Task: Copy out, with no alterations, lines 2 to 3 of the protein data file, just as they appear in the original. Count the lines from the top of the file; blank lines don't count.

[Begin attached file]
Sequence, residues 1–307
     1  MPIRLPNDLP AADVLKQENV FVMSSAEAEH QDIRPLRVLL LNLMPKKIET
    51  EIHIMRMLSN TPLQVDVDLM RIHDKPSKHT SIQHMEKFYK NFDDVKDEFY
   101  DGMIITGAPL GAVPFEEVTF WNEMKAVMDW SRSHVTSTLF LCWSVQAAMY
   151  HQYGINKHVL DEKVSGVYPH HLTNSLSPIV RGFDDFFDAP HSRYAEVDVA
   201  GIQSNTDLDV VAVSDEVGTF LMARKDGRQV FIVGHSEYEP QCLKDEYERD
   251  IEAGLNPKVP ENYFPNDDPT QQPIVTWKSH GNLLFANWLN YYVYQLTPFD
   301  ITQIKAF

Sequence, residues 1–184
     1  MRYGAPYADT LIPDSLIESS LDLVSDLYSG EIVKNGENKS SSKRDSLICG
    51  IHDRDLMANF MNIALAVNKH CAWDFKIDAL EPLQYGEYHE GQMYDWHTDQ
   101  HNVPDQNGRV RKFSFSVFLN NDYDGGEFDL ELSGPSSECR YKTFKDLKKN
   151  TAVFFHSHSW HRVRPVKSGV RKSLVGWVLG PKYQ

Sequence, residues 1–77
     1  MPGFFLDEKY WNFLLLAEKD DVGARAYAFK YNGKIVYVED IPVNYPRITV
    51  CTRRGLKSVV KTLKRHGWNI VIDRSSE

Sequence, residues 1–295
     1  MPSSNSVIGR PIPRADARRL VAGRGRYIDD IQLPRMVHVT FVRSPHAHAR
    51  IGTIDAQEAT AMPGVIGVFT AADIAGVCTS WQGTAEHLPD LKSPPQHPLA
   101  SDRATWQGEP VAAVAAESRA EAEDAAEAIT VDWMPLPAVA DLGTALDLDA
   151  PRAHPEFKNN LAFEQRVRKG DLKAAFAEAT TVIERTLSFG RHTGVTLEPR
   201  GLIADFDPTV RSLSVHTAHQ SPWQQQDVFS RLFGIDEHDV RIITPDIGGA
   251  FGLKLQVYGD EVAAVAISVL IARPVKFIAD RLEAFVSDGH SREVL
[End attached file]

     1  MPIRLPNDLP AADVLKQENV FVMSSAEAEH QDIRPLRVLL LNLMPKKIET
    51  EIHIMRMLSN TPLQVDVDLM RIHDKPSKHT SIQHMEKFYK NFDDVKDEFY